Set to come into force from 1 January 2018, the update sees assessment responsibilities pass from overburdened member state authorities to the centralised European Food Safety Authority (EFSA) in Parma, Italy.
The Commission says the new regulation will cut processing time from the current average of 3.5 years to around 18 months.
Yet EU member states will retain the right to raise ‘reasoned scientific objections’ on traditional foods from outside the EU – and it is as yet unclear how this will be managed.
A stakeholder meeting in Brussels yesterday (11 April) highlighted concerns among member states, industry and EFSA alike that these objections could be routine and time consuming.
Other concerns were the sheer volume of dossiers EFSA would receive and the level of assistance it would offer to applicants.
What is a reasonable objection?
Representing the Commission’s Directorate-General for Health and Food Safety (DG SANTE), Dr Rafeal Perez Berbejal said it would be working with member states to produce guidance on what would constitute a reasoned scientific objection by next summer and conceded this point would be a challenge.
Yet he said the ultimate aim was that member states would not have anything to raise objections about, adding it would be difficult to find fault once EFSA had deemed something safe.
“The starting point is that member states don’t have objections,” he told us.
Yet with 28 member state voices, each with their own food culture to defend, some stakeholders at the Brussels meeting yesterday doubted it would be this straight forward.
Herding 28 cats
Several members of the audience said particular member state authorities would be likely to raise objections regularly.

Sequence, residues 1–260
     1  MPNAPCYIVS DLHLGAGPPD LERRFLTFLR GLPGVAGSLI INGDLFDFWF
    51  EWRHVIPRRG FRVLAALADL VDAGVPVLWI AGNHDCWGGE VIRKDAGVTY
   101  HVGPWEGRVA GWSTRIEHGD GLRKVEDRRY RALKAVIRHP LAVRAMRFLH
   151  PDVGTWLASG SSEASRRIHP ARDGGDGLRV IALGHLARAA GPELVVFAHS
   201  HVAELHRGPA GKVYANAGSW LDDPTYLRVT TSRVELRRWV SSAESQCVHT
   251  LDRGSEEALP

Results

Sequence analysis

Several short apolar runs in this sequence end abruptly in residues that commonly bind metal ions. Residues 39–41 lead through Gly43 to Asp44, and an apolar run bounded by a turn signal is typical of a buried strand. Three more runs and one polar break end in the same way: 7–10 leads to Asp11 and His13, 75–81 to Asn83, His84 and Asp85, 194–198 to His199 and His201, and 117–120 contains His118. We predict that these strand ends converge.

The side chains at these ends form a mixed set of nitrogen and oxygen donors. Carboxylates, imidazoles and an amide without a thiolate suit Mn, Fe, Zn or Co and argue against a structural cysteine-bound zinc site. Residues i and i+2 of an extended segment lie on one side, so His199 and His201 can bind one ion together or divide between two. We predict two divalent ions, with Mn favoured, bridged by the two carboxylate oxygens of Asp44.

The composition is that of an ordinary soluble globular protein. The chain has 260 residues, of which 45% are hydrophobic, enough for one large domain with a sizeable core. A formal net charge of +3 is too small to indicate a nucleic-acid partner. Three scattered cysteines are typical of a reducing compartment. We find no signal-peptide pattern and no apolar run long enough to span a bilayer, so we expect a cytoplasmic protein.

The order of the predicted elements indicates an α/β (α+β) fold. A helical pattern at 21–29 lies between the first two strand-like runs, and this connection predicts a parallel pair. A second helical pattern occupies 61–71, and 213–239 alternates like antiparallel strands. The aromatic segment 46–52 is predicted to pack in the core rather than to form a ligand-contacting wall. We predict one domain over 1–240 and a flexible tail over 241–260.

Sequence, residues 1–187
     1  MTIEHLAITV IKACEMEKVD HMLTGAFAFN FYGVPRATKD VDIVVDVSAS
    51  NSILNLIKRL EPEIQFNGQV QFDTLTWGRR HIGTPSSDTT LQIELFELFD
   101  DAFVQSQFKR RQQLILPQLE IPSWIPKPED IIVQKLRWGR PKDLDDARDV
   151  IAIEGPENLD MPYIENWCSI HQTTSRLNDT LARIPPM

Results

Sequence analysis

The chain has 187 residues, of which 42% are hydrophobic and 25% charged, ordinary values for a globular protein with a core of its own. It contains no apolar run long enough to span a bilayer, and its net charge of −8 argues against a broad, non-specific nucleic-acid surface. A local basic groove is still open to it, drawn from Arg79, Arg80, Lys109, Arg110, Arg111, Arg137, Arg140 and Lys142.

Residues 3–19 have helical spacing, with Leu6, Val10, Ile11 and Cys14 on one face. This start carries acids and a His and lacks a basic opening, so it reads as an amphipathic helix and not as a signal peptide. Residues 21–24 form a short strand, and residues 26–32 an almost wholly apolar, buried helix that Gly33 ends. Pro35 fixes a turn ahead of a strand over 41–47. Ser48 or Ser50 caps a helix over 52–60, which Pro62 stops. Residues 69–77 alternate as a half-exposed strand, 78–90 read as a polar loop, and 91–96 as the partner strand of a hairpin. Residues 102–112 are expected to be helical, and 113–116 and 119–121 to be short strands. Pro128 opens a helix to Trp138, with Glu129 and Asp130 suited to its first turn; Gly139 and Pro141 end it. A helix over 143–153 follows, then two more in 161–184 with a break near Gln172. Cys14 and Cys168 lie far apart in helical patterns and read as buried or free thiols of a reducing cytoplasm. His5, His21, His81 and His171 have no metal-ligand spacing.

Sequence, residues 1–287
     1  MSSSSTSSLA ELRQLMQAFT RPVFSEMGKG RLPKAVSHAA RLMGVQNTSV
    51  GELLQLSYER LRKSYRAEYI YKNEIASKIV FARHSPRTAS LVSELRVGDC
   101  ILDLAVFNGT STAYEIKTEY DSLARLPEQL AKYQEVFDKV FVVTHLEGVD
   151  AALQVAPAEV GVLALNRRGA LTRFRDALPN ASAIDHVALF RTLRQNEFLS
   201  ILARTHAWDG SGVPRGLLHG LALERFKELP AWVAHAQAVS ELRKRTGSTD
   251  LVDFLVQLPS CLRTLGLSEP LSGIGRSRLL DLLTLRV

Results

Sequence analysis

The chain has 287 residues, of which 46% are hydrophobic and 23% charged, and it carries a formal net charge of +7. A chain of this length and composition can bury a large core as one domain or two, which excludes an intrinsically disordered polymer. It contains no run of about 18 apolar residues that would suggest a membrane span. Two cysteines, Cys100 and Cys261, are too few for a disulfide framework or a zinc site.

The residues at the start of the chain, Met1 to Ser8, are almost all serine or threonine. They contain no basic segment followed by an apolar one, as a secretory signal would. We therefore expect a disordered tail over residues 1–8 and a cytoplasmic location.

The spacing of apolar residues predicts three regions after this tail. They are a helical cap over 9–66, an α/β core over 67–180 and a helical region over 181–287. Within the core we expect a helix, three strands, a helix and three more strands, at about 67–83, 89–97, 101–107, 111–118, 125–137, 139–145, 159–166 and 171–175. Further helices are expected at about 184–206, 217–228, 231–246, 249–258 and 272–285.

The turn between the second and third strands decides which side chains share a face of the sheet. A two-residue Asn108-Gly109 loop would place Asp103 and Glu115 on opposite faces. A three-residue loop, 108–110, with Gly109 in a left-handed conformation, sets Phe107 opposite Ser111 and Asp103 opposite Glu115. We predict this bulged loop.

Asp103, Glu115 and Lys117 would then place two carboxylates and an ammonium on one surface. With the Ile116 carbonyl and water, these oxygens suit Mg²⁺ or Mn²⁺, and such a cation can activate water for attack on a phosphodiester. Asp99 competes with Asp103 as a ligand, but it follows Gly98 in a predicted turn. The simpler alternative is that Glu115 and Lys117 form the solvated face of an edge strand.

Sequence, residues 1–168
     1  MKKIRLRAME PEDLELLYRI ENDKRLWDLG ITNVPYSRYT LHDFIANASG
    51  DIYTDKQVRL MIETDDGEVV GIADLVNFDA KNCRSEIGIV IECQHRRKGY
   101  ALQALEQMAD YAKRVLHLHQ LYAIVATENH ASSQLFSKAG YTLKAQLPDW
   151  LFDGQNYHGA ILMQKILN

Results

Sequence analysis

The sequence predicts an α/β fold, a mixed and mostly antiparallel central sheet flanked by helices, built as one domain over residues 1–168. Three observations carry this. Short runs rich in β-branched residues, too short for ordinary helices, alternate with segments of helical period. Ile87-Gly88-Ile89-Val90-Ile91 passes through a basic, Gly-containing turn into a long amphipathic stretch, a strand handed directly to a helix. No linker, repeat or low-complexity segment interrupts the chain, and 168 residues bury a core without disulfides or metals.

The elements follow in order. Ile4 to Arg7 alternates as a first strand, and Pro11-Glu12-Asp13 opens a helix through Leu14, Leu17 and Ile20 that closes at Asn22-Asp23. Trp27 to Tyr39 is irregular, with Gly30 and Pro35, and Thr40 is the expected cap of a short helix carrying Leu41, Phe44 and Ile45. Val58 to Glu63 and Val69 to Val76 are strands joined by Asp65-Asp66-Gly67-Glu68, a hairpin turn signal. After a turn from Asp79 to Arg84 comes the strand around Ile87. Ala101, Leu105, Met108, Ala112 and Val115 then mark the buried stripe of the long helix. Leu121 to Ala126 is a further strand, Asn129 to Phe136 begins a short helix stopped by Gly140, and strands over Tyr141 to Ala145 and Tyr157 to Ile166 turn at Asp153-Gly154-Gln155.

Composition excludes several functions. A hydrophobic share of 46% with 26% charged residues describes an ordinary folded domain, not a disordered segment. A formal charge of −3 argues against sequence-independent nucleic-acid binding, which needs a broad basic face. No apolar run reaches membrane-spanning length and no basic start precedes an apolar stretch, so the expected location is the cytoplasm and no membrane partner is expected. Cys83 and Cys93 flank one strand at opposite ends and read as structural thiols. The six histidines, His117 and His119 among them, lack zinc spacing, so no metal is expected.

Dr Patrick O’Mahony, chief food technology specialist for the Food Safety Authority of Ireland (FSAI), told us roughly 80% of novel food dossiers under the current rules received member state objections when the opinions were forwarded to the Commission.
“It depends how the Commission sets up reasoned safety objections. But I fear the same objection policies will prevail into the new regulation.”
The UK and Ireland receive the most novel food applications under the current system, followed by the Netherlands, Belgium, Finland, France, Germany, Italy, Spain, Denmark, Malta and Poland.
Between 1997 and 2014, there were about 170 novel food applications across the EU – that’s seven to 10 applications per year.
So far around 90 novel foods have been authorised for use. Yet the new fee-free system seeks to increase those numbers, particularly from SMEs.
The Commission estimated EFSA will receive 15 novel food applications and 25 third country notifications each year when it takes the reins.
Dr O’Mahony said the centralisation of novel food would be a huge relief for resource-strapped national authorities.
"You will have some reply – it will be the best reply that can be given.”
Yet Dr Mark Tallon, managing director at UK consultancy, Legal Foods, lamented the loss of expertise held by national authorities, which offered ‘admissibility checks’ saving time and confusion.
He asked EFSA panel members if they would be offering the same service.
“Based on our health claim experience, our ability to interact with EFSA is limited,” he said.
Valeriu Curtui, head of EFSA's Dietetic Products, Nutrition and Allergies (NDA) panel, replied: “We will not offer a service of consultation before submission. I know this is very much desired – especially in the case of claims.”
However he said EFSA was contactable, adding member states could offer advice and teleconferences were possible.
“I wouldn’t say there was no way to interact with EFSA. You will have some reply – it will be the best reply that can be given.”
The draft guidance on application is open to public feedback, with a final publication set for June or September depending on the number of comments received.
EFSA will also be holding a webinar on novel foods at the end of the year.